Determinants Of Sustainability Of Community Water Projects In Webuye East Sub-county, Bungoma, Kenya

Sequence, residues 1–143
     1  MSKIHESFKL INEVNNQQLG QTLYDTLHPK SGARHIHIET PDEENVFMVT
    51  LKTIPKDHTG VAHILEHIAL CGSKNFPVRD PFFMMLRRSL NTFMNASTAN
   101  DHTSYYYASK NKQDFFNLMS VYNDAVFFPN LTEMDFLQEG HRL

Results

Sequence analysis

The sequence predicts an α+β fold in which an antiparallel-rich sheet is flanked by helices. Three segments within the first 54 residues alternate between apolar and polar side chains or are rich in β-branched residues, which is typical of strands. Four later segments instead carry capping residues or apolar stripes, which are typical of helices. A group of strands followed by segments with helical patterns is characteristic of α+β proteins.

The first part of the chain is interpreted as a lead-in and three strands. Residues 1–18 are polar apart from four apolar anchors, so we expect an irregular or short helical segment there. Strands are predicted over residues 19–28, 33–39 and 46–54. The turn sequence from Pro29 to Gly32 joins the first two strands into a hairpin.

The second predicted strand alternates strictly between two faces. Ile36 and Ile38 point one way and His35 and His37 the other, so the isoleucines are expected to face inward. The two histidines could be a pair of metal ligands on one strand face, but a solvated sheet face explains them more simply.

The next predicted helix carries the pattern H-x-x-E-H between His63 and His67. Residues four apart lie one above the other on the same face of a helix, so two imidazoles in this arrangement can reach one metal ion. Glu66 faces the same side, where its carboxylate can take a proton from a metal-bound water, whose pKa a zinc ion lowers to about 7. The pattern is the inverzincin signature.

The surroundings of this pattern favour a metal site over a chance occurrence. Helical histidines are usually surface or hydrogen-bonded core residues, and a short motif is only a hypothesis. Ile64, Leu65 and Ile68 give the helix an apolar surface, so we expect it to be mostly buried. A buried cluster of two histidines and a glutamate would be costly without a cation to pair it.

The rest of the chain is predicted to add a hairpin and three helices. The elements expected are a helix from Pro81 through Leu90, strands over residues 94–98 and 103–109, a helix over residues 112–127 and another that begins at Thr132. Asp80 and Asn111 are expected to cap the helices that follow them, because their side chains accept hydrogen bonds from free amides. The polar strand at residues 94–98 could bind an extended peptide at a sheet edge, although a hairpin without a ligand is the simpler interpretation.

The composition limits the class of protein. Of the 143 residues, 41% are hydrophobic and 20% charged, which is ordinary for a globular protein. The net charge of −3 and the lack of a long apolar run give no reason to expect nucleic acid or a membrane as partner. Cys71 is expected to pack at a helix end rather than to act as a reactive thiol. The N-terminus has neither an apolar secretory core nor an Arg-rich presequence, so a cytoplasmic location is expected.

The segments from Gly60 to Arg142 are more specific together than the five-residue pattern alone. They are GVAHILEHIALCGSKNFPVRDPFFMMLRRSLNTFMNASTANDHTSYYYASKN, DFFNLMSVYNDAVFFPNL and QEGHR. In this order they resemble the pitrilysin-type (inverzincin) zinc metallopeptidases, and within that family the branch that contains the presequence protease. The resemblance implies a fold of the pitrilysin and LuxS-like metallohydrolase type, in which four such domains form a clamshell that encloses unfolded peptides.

Water is the most important natural resource and a basic human need. In many developing countries as a result of achieving the United Nations Millennium Goal 7c which targeted to reduce the proportion of people without sustainable access to safe water by 50% by year 2015, many Governments in partnership with the communities have invested money in construction and maintenance of the water projects. Despite the numerous water projects initiated, many have failed after a short time leading to unsustainable access to clean safe water. In order to make the investment in water projects more effective, failure rates of the water systems should be reduced. This study purposed to investigate determinants of sustainability of community water projects in Webuye East Sub-County, Bungoma, Kenya. The study was guided by the following objectives; to assess the extent to which water resources conservation practices, training, choice of technology and levels of funding influences sustainability of community water projects. The study employed descriptive survey design. The study targeted population size of 10,000 household users, 300 community water management committee executives and key informant from the Ministry of Water and Irrigation. The sample size of this study was calculated using simplified Yamane formula (1967:886). The study employed both probability and non-probability sampling techniques. The researcher used questionnaires and interview schedule to collect data. Pilot study results were used to test reliability and validity of the instruments. Data was analysed using descriptive statistics and correlation analysis by use of Statistical Package for Social Sciences (SPSS) version 20 and presented using frequency distribution, percentages, tables and Pearson product moment coefficients. With regards to water resources conservation practices, the study established a low community participation level of 36.2%. Findings revealed that afforestation was at 43.1%, pollution management and hygiene practices at 38.2% and management at 18.7%. The study established low level of training at 42.1% of which 38.5% were trained on conservation, 23.8% on management and 37.8% on Operation and Maintenance. The study also found out there are only two technologies used; use of hand pump (3.5%) and use of gravity fed pipes (96.5%). Community participation in choosing the technology was high at 90.3%. 97.1% of the community are conversant with the technology used while 2.9% are not conversant with hand pump technology introduced by the County Government. Findings show that spare parts are readily available but not affordable. It was also established that there is low level of funding, with the community contribution towards construction of the water projects highest at 96.5% while the County Government contribution was at 3.5%, only 16.8% contribute towards operation and maintenance of the water systems. Insufficient financing is a major factor in poor maintenance which leads to project failure. The study established that there is a positive correlation between sustainability of community water projects and water resources conservation practices, training, choice of technology and level of funding ( r=0.959, 0.821, 0.879 and 0.689 respectively)by using Pearson’s Product Moment Correlation (PPMC) analysis. It is recommended that awareness creation on importance of water resources conservation and sensitization on water catchment areas should be done to enhance reliability of the water sources. Stakeholders should raise the level of awareness on available training opportunities regarding conservation, O & M and management to ensure the community is impacted with proper skills and knowledge that enhance water project sustainability. The community and the County Government should explore other modern technologies to pump water to households and train community on how to use the technologies. Prices for spare parts should be subsidized to be affordable. Lastly the County Government should increase level of funding for construction and maintenance of community water projects. The study findings will benefit the County Government, water project financiers and the community in achieving sustainable community water projects.
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